Wednesday, December 13, 2017

Selby's Meade

Kent State is one of the few university presses that release yearly instead of seasonal catalogs. I was thumbing through the 2018 edition and came across several interesting titles, one of which is John Selby's Meade: The Price of Command, 1863–1865 (October). It will be part of the press's excellent Civil War Soldiers and Strategies series.

From the description: "George Gordon Meade has not been treated kindly by history. Victorious at Gettysburg, the biggest battle of the American Civil War, Meade was the longest-serving commander of the Army of the Potomac, leading his army through the brutal Overland Campaign and on to the surrender of Robert E. Lee and the Army of Northern Virginia at Appomattox. Serving alongside his new superior, Ulysses S. Grant, in the last year of the war, his role has been overshadowed by the popular Grant. This first full-length study of Meade’s two-year tenure as commander of the Army of the Potomac brings him out of Grant’s shadow and into focus as one of the top three Union generals of the war." Thomas proponents don't like their man less than No. 1 let alone outside the top three altogether!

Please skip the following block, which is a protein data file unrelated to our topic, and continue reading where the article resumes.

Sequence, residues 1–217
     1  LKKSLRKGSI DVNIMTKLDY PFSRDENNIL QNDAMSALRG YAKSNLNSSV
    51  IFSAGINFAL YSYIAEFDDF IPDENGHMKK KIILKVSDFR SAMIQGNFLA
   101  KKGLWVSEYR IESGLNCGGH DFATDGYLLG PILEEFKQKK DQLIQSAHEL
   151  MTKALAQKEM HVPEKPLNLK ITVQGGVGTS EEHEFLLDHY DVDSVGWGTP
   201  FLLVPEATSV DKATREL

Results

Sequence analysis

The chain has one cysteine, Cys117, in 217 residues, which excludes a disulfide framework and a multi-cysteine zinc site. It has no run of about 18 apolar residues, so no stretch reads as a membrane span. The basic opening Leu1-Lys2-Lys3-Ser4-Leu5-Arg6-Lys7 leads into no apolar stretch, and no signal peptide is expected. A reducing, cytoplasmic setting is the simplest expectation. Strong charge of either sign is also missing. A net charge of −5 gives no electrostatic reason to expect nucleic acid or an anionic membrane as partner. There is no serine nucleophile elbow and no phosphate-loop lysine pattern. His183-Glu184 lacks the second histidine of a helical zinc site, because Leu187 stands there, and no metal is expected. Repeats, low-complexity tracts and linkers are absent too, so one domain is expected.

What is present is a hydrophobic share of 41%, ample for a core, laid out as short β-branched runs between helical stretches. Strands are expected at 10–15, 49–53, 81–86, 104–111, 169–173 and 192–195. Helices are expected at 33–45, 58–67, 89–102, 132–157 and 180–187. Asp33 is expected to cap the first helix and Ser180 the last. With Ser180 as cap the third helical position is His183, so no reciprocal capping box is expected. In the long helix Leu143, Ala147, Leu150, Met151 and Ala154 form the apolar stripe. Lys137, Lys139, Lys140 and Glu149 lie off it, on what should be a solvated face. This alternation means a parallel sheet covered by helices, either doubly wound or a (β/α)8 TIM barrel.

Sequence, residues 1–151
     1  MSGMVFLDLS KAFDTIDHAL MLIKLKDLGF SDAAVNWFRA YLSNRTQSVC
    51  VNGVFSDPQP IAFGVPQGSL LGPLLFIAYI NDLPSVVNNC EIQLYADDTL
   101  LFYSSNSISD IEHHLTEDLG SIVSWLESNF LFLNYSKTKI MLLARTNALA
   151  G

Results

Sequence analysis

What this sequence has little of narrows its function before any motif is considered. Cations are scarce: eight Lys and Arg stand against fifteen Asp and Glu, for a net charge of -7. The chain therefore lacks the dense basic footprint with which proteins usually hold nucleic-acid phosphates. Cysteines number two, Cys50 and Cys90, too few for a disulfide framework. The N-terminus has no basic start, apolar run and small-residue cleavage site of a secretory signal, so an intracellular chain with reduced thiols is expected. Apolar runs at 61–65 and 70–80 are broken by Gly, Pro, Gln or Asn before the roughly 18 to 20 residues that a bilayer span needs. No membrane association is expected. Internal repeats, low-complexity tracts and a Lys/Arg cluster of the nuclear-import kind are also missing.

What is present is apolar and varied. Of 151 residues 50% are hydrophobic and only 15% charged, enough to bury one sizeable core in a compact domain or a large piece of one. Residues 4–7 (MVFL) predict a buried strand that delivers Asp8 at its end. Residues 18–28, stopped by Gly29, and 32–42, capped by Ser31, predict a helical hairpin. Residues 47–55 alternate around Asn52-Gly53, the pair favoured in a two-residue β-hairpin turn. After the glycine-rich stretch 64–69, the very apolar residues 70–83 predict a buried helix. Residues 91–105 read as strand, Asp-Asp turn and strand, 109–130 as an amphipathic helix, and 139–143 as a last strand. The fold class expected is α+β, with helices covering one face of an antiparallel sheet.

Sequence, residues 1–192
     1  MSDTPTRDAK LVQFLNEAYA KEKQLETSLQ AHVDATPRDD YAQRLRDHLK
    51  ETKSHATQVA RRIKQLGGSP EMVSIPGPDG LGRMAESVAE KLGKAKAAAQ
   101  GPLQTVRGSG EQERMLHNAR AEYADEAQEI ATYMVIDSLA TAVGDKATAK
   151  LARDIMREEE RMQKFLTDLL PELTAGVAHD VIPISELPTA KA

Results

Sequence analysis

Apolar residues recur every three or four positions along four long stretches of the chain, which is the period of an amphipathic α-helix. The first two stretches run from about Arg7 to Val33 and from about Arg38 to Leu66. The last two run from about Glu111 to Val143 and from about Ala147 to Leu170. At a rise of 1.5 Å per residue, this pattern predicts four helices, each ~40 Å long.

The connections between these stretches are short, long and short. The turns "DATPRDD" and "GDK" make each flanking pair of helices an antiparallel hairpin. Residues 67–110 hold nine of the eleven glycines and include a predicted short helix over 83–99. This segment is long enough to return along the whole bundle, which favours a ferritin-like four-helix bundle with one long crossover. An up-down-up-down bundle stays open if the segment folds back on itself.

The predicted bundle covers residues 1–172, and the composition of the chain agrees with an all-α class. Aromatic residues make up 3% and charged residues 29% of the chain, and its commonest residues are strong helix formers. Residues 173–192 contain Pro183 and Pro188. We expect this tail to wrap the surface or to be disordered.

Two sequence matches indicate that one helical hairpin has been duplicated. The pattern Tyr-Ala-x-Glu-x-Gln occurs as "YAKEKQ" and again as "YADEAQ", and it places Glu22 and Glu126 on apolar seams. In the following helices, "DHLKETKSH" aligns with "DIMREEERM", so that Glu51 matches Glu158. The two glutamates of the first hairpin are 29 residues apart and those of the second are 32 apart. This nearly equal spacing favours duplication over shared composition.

More: "John G. Selby portrays a general bestride a large army he could manage well and a treacherous political environment he neither fully understood nor cared to engage. Meade’s time as commander began on a high note with the victory at Gettysburg, but when he failed to fight Lee’s retreating army that July and into the fall of 1863, the political knives came out. Meade spent the winter of 1863–64 struggling to retain his job while the Joint Committee on the Conduct of the War sought to have him dismissed. Meade offered to resign, but Grant told him to keep his job. Together, they managed the Overland Campaign and the initial attacks on Petersburg and Richmond in 1864." Most agree that the Grant-Meade command arrangement in the East was far from ideal, and I will be curious to read Selby's opinion on the matter.

"By basing his study on the Official Records of the War of the Rebellion, original Meade letters, and the letters, diaries, journals, and reminiscences of contemporaries, Selby demonstrates that Meade was a much more active, thoughtful, and enterprising commander than has been assumed." I will also be interested in the author's assessment of the truly independent parts of Meade's Civil War career in army command, in particular the period beginning with the end of the Gettysburg battle and moving on through the rest of 1863. On a related note, this interval will also be examined at length over a planned trilogy of titles by Jeffrey Hunt, which has had a stellar beginning.


  1. I vaguely remember reading some years ago in a blog somewhere that someone was working on a new edition of Meade's papers. Have you heard anything of this?


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